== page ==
Consociational, De-Consociational, Comparison, Netherlands, Belgium, Lebanon
Consociational democracy is a system of government outlined by Arend Lijphart in response to the mystery of the stability of the democratic systems of several small Western-European states despite their intense societal divides. In the years since he outlined these states’ consociational systems, much has changed. The question thus must be asked – is it possible to transition from a Consociational democracy with a focus on consensus-building to a more majoritarian political system that emphasizes competition between parties? This question will be addressed by a study of three states – the Netherlands, Belgium, and Lebanon. The Netherlands has transitioned successfully from a consociational democracy to a more competitive system, and Belgium and Lebanon have remained consociational. The political and social structures will be examined to determine what allowed for the Netherlands to transition and what stopped Belgium and Lebanon from doing so as well. Ultimately, it appears as if the Dutch divisions within society have successfully been mediated to such a degree that they no longer cause intense political tension, whereas this is not the case in Belgium and Lebanon.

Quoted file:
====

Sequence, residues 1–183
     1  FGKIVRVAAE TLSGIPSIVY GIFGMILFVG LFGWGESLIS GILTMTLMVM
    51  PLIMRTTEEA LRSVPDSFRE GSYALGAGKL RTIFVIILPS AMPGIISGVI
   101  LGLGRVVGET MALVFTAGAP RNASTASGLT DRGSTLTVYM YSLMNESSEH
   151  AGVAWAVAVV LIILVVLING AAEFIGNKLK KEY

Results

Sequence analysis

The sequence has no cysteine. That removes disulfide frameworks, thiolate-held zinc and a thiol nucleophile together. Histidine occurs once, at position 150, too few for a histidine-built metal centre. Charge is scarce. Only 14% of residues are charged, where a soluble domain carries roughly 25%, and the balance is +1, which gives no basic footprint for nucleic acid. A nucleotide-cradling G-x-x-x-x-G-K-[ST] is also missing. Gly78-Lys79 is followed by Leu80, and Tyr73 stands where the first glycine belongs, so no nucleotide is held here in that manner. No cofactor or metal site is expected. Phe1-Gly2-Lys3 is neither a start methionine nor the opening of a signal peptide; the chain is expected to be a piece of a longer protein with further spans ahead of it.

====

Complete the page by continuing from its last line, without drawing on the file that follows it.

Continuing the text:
Dr. Tom Najem
Dr. John Sutcliffe
Master of Arts
Major Research Paper